Silver brazing, sometimes referred to as brazing, is performed using a silver alloy based filler. These silver alloys are composed of many different percentages of silver and other metals such as copper, zinc and cadmium.
Brazing is widely used in the tool industry to secure "hard metal" (hard alloy, ceramic, cermet and similar) tips to tools such as saw blades. "Pre-plating" is often performed: the brazing alloy is melted onto the tip of the hard metal, and the tip of the hard metal is placed next to the steel and remelted. Pretinning solves the problem that hard metals are difficult to wet.
Brazed carbide joints are typically 2 to 7 mils thick. The brazing alloy joins the material and compensates for the difference in expansion ratio. It also provides cushioning between the carbide tip and hard steel to reduce shock and prevent tip loss and damage - because the vehicle suspension helps prevent damage to the tires and the vehicle. Finally, the brazing alloy combines with the other two materials to form a composite structure that, like the wood and glue layers, forms a plywood. The standard for brazed joint strength in many industries is that it is stronger than either base material, so when under stress, one or the other substrate fails before the joint.
One special silver brazing method is called pinbrazing or pin brazing. It has been developed especially for connecting cables to railway track or for cathodic protectioninstallations. The method uses a silver- and flux-containing brazing pin, which is melted in the eye of a cable lug. The equipment is normally powered from batteries.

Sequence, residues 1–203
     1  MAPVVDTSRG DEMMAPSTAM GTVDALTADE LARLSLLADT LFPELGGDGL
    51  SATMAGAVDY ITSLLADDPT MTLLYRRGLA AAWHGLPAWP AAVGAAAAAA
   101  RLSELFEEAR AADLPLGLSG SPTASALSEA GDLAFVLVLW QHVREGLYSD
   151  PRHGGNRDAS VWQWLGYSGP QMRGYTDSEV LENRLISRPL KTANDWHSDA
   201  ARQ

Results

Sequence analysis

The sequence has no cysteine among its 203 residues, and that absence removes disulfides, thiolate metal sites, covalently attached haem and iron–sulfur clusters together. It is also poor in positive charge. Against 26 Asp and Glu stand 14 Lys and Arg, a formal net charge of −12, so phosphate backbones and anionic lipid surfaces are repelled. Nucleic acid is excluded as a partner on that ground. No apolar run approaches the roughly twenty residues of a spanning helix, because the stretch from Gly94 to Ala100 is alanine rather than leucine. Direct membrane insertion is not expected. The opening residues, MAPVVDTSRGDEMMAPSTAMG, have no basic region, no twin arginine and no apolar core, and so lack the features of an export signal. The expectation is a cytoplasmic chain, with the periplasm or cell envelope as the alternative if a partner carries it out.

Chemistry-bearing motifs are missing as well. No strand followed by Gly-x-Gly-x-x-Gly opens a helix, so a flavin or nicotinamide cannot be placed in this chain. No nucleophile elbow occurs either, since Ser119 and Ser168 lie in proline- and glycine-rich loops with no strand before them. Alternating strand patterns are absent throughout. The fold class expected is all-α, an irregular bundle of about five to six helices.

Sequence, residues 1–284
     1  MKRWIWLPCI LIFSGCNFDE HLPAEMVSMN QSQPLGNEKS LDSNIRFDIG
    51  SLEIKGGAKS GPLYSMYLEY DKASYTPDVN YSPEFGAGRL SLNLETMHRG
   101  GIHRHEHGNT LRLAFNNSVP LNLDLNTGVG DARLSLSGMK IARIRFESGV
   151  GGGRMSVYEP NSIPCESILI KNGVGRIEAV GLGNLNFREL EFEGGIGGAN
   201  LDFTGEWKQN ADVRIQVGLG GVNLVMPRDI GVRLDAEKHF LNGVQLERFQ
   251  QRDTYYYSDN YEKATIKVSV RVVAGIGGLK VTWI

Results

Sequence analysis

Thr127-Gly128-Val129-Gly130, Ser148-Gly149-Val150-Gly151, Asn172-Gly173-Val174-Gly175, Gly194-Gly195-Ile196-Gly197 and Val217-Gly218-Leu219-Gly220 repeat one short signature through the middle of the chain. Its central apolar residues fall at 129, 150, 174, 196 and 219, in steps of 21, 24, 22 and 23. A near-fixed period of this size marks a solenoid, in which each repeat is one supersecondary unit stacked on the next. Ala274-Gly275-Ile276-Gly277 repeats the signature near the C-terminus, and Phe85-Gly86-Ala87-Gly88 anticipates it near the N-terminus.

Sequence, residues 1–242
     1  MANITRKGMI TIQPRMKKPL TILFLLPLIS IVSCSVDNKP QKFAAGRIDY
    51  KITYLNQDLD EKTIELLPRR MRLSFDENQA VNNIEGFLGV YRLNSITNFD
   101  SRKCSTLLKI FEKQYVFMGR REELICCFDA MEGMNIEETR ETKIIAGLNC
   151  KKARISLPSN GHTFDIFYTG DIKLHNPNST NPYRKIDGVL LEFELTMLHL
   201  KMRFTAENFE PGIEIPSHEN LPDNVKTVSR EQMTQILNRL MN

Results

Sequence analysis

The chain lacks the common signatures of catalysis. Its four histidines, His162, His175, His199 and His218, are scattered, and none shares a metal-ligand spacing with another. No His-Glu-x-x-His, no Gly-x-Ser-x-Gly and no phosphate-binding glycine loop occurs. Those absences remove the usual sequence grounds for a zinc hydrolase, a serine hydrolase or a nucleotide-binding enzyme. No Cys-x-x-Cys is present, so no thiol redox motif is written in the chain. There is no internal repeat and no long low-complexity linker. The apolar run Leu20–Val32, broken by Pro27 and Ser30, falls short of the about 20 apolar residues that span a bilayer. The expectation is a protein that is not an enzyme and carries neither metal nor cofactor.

Brazing is the use of a bronze or brass filler rod coated with flux to join steel workpieces. The equipment required for brazing is essentially the same as that used for brazing. Since brazing generally requires more heat than brazing, acetylene or methyl acetylene-propadiene (MAP) gaseous fuels are commonly used. The name comes from the fact that no capillary action is used.
Brazing has many advantages over fusion welding. It allows the joining of different metals, minimizes thermal deformation, and reduces the need for large amounts of preheating. In addition, since the added metal does not melt during the process, the assembly retains its original shape; it does not erode or change the edges and contours by forming rounded corners. Another effect of brazing is to eliminate the storage stresses that often occur in fusion welding. This is very important for the repair of large castings. The disadvantage is that it loses strength when subjected to high temperatures and cannot withstand high stresses.
Carbide, cermet and ceramic tips are plated and then joined to steel to make tipped band saws. The plating acts as a braze alloy.
Cast iron "welding"
The "welding" of cast iron is usually a brazing operation using a filler rod made primarily of nickel, although cast iron rods can also be used for true welding. Ductile iron pipes can also be "snap-mounted", a process of joining joints by small copper wires that are melted into iron when previously ground into bare metal, parallel to the formation of a hub tube with a neoprene gasket The iron joint is sealed. The goal behind this action is to use electricity along copper wires to keep underground pipes warm in cold climates.